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School community urgently requires Sh. 5 million for infrastructure

Katsangani Primary School Head Teacher, Kongo Tindi and Ms. Selina Munga, during an interview outside one of the school’s mud-walled, raffia-thatched ‘tuition block.’ Photo by KNA.
One of the ‘tuition blocks’ at Katsangani Primary School in Wachu Oda location, Tana River County. The school’s headteacher is decrying the deplorable conditions under which pupils in the school are learning, saying urgent measures should be made to improve the school’s facilities. Photo by KNA.
Journalists go through a mangrove pole-made foot bridge on their way to Katsangani Primary School. The school is built on sand dunes in a small Island that is home to a fishing community. Photo by KNA.
A teacher at Katsangani Primary School carries out a lesson under a tree as pupils sit on the ground. The school has only two permanent classrooms, housing standards seven and eight as well as tablets for digital literacy. It requires Sh. 5 million to construct six classrooms, an administration block, four toilets and a kitchen. Photo by KNA.

Katsangani Primary School urgently requires Sh.5 million to construct six classrooms, an administration block, four toilets and a kitchen.

The school in remote Katsangani village of Kurawa Sub-Location, in Tana Delta Sub-County has only two permanent classrooms, forcing learners and to quench their thirst for education under trees and mud-walled, raffia-thatched structures.

The school has only two mud-walled and raffia-thatched pit latrines shared by the 425 pupils and eight teachers. The latrines are almost caving in and the school community has to seek the services of bushes and thickets to respond to nature’s calls.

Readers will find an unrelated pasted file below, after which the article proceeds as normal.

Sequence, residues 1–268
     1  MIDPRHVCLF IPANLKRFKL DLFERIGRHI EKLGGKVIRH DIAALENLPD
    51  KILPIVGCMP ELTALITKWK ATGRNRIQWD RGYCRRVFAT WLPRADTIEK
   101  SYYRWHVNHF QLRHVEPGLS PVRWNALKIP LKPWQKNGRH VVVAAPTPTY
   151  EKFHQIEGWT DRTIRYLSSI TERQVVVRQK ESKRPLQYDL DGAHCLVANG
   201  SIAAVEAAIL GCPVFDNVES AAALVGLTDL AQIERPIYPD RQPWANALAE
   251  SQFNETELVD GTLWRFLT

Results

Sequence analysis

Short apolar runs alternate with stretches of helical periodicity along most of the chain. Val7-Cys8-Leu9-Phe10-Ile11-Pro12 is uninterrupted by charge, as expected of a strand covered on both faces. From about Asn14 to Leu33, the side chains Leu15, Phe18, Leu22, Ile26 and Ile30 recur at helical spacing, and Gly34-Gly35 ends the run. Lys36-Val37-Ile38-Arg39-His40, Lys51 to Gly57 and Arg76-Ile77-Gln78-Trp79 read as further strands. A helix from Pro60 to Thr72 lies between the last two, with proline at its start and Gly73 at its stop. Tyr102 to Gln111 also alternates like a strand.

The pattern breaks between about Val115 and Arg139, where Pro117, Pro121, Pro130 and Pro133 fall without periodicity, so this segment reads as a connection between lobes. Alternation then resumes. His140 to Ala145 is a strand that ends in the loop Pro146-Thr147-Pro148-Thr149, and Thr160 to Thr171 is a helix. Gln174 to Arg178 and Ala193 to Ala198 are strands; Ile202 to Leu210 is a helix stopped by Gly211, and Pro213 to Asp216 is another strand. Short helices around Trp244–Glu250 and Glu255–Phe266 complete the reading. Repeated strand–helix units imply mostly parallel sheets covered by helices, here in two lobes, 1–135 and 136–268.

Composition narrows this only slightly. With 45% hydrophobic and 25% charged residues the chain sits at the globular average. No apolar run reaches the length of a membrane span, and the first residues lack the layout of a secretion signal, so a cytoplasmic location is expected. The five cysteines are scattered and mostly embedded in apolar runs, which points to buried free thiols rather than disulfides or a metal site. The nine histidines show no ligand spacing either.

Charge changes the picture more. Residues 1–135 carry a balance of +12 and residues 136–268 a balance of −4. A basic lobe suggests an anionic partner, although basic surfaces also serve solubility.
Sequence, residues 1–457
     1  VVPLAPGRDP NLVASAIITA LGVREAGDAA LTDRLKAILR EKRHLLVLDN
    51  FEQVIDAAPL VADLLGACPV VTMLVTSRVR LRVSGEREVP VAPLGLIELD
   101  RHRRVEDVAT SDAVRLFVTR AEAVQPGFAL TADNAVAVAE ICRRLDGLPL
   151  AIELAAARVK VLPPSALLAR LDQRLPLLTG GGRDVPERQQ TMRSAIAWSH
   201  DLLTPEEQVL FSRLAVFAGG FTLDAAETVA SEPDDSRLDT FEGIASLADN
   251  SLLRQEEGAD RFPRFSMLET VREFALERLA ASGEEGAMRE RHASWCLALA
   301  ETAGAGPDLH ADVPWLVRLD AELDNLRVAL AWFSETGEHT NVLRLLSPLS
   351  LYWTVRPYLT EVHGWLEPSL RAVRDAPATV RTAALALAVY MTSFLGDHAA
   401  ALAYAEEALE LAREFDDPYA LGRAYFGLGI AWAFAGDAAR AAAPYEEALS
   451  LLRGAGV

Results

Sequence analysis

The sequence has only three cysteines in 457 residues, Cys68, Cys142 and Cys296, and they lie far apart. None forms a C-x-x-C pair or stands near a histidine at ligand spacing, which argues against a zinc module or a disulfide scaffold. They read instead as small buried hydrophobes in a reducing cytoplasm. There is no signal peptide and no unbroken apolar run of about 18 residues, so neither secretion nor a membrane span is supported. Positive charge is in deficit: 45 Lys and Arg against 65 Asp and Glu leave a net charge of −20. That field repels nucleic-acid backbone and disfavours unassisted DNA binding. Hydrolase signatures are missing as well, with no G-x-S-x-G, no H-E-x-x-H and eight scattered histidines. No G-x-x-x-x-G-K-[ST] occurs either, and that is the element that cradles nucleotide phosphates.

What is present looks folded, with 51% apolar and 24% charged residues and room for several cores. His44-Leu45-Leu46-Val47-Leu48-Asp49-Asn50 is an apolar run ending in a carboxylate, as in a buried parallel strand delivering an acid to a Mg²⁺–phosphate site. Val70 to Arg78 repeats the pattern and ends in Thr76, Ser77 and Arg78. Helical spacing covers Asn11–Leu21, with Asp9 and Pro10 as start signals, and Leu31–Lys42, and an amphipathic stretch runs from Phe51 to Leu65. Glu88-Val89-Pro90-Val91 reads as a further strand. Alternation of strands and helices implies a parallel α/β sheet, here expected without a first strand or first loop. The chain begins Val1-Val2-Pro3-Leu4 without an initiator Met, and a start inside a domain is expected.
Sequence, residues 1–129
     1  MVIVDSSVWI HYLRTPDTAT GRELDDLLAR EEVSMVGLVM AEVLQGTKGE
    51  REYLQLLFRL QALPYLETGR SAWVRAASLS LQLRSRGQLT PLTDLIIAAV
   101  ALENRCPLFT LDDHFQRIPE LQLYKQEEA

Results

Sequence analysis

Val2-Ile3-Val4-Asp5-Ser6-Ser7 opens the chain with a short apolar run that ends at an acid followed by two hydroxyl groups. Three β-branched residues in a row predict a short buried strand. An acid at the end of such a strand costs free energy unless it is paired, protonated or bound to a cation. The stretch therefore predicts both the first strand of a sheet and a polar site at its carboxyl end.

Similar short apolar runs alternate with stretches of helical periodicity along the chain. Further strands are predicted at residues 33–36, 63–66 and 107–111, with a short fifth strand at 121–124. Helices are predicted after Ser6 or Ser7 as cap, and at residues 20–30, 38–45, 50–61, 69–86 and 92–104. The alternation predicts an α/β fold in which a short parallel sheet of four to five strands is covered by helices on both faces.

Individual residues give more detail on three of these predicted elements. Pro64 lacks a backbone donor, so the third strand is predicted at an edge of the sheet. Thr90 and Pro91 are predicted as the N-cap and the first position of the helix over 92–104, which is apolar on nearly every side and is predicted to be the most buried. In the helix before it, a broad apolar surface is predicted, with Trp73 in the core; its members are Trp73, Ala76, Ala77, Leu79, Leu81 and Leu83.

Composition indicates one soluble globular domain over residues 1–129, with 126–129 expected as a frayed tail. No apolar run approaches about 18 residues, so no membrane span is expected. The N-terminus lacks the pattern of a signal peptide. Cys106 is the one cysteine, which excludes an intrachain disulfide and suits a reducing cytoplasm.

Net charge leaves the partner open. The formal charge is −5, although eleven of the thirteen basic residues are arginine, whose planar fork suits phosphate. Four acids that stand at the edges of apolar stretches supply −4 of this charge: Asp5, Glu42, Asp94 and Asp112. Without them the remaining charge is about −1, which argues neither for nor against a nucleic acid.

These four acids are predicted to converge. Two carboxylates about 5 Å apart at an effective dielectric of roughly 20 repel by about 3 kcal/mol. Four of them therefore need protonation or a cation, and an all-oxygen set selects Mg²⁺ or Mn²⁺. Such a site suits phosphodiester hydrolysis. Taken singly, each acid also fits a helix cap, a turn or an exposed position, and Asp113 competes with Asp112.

“The school has only two permanent classrooms and fifteen desks,” says Head Teacher, Kongo Tindi. “We are forced to use makeshift classrooms where learners sit on logs or on the floor to quench their thirst for education.”

There is no administration block and the head teacher and his staff have to use a mud-walled, raffia-thatched structure to keep important records and prepare their lessons.

“This is a forgotten school, literary,” Mr. Tindi tells three journalists who have visited the school after a series of posts on social media by the head teacher.

“Although the 425 pupils are children of Kenya, their right to education is being violated and this must stop,” he says.

The school, which was built in 2011 on sand dunes, hence the name, ‘Katsangani’ to serve the children of the fishing community of Katsangani village, also lacks a perimeter fence and clean drinking water, Mr. Tindi says.

Learners and pupils are also victims of jigger attacks as the classes they use are infested with jiggers and some have to stay out of school to seek treatment.

“Today, I had to grant one teacher permission to go to hospital after being attacked by jiggers in the dusty floors,” he says as he leads the scribes on a tour of the school.

This, according to the head teacher, is dangerous as the teachers and pupils are exposed to harm in an area that also has dangerous sea creatures and snakes. Disease outbreaks could also result due to open defecation.